Tue | Jan 17, 2017

WI need five-year leave of absence

Published:Tuesday | December 30, 2014 | 12:00 AM
AP West Indies batsman Shivnarine Chanderpaul (left) leaves the field after he was caught by South Africa's Alviro Petersen (centre) in the West Indies first innings. At right is Petersen's teammate teammate Dean Elgar. The action is from the third day of the first Test at Centurion Park in Pretoria, South Africa.

I confess to being an ardent West Indian cricket fan, one who goes to bed early so as to get up at 3 a.m. to watch the first Test match between the world's number one team, South Africa, and minnows West Indies.

Even now, I am not sure what I expected. What has happened is that I am personally humiliated by what was shown on my television screen, a mismatch - boys against men; those who understood cricket, prepared, and thought out opponents versus a group of men who got a "trip" and "nuff" cash.

(Nice work, if you can get it.) West Indian cricket has been on a steady slide down the world rankings, moving from number one to number eight.

How often have we heard commentators and "experts" say that "the West Indies are turning the corner". We have been turning the corner for so long now that these men are in danger of falling down because of dizziness caused by constantly "turning the corner".

The present West Indies Test team is just not good enough to threaten the top six Test-playing nations. There are no signs that this position will change in the next five to 10 years as the young men in the Caribbean are more interested in 'big money', which is what T20, and to a lesser extent, one-day cricket, promises.

There also appears to be no leadership at the administrative level.

UNTRUSTWORTHY PEOPLE

To make matters worse, former Test great Michael Holding and the Caricom representative to West Indian cricket, Prime Minister of St Vincent and the Grenadines, Ralph Gonsalves, have now made public their reasoned impression of the administration of West Indies cricket: "untrustworthy!"

When the present board allowed a squad of players to go on a tour of India without any idea of their contractual arrangements and bobbed and weaved when it was obvious that the players recognised that their union president had not settled the matter, it was obvious to everyone that what was needed was a new beginning.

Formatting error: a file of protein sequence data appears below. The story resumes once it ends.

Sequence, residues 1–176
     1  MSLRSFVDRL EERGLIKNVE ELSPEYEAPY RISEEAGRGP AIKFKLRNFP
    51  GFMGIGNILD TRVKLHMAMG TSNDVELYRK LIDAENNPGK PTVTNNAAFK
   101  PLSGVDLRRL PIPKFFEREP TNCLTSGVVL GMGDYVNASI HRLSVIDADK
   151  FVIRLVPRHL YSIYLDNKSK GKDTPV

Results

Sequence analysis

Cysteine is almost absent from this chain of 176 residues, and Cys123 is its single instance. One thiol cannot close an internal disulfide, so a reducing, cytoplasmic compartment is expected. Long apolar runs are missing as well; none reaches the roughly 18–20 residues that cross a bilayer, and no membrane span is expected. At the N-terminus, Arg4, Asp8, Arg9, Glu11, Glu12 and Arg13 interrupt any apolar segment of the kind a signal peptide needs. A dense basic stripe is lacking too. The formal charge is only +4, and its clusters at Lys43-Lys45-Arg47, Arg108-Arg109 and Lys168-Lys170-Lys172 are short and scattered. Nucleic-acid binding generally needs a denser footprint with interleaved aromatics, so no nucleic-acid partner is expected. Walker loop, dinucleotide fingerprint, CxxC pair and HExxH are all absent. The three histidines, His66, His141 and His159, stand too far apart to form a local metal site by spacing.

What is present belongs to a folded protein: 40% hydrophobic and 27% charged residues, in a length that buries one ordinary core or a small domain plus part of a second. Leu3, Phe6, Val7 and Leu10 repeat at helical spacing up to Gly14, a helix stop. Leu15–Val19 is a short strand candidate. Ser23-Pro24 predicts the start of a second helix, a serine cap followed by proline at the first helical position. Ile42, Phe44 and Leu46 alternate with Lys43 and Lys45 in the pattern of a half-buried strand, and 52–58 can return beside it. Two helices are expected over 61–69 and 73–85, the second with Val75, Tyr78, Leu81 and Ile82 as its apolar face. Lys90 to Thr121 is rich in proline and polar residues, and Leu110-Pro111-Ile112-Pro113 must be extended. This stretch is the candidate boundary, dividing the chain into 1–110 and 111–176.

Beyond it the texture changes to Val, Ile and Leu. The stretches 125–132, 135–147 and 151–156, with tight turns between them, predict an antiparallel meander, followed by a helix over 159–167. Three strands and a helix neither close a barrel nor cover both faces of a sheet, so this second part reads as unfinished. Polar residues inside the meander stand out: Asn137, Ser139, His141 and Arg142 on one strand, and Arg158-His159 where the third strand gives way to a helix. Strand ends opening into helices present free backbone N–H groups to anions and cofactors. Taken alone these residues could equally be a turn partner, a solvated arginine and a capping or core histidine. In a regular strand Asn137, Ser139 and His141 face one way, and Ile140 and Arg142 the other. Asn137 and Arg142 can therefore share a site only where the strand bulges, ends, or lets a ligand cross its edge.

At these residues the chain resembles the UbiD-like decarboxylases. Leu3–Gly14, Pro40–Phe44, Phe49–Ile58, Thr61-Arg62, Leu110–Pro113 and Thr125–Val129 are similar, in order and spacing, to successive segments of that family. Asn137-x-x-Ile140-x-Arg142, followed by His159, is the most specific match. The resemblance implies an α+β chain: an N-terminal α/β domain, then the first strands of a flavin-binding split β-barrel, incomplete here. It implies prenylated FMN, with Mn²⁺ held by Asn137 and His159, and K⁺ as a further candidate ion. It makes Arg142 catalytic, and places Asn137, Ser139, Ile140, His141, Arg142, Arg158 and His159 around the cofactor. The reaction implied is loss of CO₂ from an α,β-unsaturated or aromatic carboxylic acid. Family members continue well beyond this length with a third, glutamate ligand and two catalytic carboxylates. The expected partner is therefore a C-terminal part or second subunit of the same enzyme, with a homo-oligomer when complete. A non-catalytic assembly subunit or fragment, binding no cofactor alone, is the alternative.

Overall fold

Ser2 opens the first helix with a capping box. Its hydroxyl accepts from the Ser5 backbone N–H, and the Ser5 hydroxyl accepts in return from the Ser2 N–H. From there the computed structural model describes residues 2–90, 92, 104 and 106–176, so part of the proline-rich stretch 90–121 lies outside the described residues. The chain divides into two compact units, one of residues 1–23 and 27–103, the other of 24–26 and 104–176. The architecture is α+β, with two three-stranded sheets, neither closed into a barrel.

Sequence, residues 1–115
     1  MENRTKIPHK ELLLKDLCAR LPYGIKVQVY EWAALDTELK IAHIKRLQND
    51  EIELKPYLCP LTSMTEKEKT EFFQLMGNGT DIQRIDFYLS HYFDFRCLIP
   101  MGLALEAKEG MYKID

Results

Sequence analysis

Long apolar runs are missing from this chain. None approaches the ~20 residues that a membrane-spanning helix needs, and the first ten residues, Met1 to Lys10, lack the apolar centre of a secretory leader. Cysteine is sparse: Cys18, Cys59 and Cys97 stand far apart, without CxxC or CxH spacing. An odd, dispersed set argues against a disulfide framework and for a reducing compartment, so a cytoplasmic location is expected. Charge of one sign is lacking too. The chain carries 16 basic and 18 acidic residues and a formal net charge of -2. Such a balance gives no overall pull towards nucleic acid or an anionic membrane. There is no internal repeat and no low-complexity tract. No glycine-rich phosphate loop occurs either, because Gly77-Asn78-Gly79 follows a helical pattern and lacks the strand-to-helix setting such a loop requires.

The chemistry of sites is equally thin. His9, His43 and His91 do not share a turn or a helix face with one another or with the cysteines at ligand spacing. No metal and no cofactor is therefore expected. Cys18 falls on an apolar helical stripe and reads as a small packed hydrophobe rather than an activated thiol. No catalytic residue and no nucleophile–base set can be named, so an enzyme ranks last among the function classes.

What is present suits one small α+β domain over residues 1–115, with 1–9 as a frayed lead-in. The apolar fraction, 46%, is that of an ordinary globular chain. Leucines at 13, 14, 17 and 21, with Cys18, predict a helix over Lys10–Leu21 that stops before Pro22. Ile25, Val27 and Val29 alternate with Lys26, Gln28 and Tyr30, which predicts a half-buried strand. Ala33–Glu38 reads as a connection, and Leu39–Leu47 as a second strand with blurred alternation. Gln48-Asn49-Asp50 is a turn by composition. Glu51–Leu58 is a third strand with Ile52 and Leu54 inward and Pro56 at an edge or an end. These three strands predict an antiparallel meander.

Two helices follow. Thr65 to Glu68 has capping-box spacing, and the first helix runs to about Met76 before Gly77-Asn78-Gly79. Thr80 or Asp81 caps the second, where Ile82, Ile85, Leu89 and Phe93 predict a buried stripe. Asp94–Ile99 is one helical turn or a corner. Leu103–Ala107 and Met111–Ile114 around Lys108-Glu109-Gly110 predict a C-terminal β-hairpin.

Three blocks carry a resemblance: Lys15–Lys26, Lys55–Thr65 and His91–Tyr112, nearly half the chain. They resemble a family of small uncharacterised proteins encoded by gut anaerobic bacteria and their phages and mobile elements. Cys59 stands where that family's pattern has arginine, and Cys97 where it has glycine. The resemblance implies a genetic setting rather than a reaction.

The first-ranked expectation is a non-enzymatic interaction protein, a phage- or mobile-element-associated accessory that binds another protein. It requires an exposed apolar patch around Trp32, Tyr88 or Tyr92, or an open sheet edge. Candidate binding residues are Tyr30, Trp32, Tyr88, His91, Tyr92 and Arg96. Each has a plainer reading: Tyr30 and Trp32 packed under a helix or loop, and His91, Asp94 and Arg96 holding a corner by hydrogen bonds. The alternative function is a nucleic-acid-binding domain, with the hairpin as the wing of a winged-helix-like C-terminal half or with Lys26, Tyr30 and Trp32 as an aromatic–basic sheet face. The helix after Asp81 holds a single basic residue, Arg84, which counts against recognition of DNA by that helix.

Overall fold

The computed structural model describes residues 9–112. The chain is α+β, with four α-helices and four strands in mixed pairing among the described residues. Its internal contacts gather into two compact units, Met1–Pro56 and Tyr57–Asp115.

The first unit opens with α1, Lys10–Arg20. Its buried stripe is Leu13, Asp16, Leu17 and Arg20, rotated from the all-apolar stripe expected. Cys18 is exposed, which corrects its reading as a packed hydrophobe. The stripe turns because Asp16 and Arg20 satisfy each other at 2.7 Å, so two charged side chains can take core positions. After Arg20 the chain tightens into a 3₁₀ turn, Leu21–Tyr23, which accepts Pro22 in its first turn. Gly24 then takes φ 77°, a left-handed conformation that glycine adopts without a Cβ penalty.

However, in typical West Indian style, a committee was established to "look into the matter", and as was expected, found that everyone was wrong, everyone was to blame, no one was held accountable, therefore, back to the status quo.

So a team of disgruntled players was selected and sent to play against the best the world has to offer, and we were to expect a grand fight, close finishes, etc.

What is needed in the West Indies is for us to understand and realise that as a Test-playing nation, we are a joke. Let us be brave and request from the International Cricket Council (ICC) a five-year leave of absence from Test cricket. Say thanks to this present crop of 'senior' cricketers and concentrate on under-15 youngsters.

With proper guidance re technique, nutrition, and education, we will produce technically gifted young men with the ability to THINK. Then, and only then, should we re-enter the Test cricket arena.

Therefore, the choice before us, "we-the-people", is: Do we continue to play Test cricket, or do we INSIST that the present administration and structure of West Indies cricket be dramatically altered as per the Patterson report?

In closing, let me remind the presidents of WIPA and the WICB that talent is God-given. Be humble! Fame is man-given. Be thankful! Conceit is self-given. Be careful!